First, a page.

• Jill Barry

Looking back to the 1920s


Here we are, one hundred years on since the start of 1920 and what better time to look back to that bygone era? Only two years separated the end of the Great War from the beginning of a new decade. Folk must have hoped peace would be maintained, but modern history tells us that, sadly, this wasn’t to be the case long-term.


What do we think of when we hear someone mention ‘flappers’ or ‘The Roaring Twenties’? No wonder so many people were determined to party!



Because this was the beginning of a post-war era, a period of economic growth, bringing prosperity plus a boom in consumer goods. With so much going on, the depressing slump the 1930s brought would have been far from people’s minds. Motor vehicle production increased. More people had electricity installed in their homes and “Wireless” sets appeared in many houses, bringing global events and organised entertainment into living rooms for the first time.


Hollywood began to dominate pre-war cinema, introducing a new brand of popular hero, the movie star, and showing weary workers a wondrous and glamorous world from across the Atlantic.


Consumerism was on the rise: some of today’s high street brands, like Sainsbury’s and Marks & Spencer, both established in the previous century, began to be noticed more. Shoppers enjoyed popping into a Joe Lyons tea shop. It was also a time of massive, mostly suburban and privately financed, house building.

In France, the decade was known as the "années folles" or “'crazy years”, referring to the era's social, artistic and cultural zip. Jazz blossomed and Art Deco peaked. Agatha Christie introduced dapper detective Hercule Poirot to her readers with the publication of “The Mysterious Affair at Styles” and there was another début when Dreamland Fun Park opened in Margate.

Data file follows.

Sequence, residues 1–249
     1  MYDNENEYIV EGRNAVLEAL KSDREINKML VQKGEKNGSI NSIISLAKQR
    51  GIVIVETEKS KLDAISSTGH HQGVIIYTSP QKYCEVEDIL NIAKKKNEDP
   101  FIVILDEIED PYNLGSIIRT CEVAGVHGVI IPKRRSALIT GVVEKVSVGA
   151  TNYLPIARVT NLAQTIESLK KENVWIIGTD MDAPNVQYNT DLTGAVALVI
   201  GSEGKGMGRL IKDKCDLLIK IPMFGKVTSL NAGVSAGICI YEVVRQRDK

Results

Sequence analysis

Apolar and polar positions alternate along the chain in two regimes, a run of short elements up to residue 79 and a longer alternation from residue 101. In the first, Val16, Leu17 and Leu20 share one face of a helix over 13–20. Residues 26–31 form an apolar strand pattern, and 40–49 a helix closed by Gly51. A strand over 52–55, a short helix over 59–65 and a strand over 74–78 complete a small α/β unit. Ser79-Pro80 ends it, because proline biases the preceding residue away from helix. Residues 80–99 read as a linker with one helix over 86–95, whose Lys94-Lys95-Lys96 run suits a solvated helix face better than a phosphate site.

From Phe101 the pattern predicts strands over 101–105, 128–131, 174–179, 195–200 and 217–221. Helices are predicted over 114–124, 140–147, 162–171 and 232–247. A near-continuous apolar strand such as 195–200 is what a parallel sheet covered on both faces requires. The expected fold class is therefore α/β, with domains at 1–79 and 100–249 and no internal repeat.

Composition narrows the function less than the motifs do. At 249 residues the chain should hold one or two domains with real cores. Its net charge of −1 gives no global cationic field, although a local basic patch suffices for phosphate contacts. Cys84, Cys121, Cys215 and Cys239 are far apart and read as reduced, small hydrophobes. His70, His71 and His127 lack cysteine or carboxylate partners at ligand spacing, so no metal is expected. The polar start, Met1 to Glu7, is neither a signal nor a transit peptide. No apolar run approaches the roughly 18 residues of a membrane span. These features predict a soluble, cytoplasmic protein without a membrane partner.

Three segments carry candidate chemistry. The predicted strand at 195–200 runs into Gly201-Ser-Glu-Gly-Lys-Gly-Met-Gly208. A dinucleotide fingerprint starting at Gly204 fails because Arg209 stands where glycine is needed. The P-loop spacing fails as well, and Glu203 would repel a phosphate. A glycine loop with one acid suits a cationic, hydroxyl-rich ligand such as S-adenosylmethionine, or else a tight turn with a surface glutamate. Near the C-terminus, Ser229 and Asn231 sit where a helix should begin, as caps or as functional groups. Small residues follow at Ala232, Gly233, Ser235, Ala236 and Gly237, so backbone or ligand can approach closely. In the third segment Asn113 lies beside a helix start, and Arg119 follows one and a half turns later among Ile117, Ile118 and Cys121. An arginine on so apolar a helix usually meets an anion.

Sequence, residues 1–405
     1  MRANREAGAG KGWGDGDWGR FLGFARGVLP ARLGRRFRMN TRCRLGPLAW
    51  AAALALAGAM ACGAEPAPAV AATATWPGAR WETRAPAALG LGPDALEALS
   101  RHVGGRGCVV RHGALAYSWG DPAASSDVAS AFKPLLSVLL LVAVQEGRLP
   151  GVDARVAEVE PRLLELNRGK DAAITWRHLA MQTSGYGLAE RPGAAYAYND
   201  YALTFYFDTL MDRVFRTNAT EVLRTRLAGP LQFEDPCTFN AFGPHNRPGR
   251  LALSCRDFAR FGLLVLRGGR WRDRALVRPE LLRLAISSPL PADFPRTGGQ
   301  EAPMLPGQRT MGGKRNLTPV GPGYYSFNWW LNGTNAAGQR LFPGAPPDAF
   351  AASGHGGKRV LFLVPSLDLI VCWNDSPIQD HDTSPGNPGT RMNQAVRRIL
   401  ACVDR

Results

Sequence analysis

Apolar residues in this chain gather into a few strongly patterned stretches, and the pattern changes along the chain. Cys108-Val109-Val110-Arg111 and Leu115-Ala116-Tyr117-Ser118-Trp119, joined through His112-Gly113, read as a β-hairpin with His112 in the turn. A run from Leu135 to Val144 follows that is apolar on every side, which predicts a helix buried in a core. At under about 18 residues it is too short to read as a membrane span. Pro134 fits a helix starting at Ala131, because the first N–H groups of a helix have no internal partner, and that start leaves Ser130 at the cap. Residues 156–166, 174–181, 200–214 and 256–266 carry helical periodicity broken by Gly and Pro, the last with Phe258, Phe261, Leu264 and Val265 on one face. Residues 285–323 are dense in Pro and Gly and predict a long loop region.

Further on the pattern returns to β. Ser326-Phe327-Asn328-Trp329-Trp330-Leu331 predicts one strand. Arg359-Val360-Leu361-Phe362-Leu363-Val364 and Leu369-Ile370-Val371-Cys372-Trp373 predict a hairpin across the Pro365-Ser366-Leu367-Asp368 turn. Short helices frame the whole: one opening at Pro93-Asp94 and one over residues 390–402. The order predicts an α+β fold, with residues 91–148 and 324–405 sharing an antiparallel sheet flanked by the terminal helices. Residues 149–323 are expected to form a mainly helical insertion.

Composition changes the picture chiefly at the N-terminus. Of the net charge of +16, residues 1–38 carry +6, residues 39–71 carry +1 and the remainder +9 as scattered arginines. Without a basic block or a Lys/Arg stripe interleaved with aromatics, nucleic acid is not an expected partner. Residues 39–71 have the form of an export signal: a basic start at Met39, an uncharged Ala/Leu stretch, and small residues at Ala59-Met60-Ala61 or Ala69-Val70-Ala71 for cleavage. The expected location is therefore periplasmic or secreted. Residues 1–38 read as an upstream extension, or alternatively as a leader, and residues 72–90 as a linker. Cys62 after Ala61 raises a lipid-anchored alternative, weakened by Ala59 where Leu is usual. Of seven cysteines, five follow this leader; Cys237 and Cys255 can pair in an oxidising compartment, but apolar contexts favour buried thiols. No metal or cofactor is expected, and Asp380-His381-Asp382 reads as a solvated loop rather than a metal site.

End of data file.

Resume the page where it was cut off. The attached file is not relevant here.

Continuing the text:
What were the changes for women? Well, the flapper redefined fashion for British and American females. More seriously, women took the struggle for freedom into their personal lives though they weren’t given electoral equality with men until 1928. This legislation brought equality in inheritance rights and unemployment benefits; and women profited from the Sex Discrimination (Removal) Act, which, in 1919, had given them access to professions such as law.

Women began to make a name for themselves in British politics and Oxford University admitted the first 100 women to study for full degrees, so beginning the “blue stocking” era. This original name, associated with an educated, intellectual woman, related to the 18th-century Blue Stockings Society led by the hostess and critic Elizabeth Montagu, born in 1720 and who would doubtless have been delighted by this progress.




Cadbury Flake, Hornby trains and Boy Scout Jamborees all made their débuts. The first film adaptation of Emily Bronte’s Wuthering Heights was released as a silent movie and amongst the top songs were Apple Blossom Time and Margie. Jazz musician Charlie Parker was born in this year and Suzanne Lenglen beat Dorothea Chambers for the Wimbledon Ladies' Singles Title.


I hope you’ve enjoyed this trip back in time. Let's hope this new era is a good one for us all.

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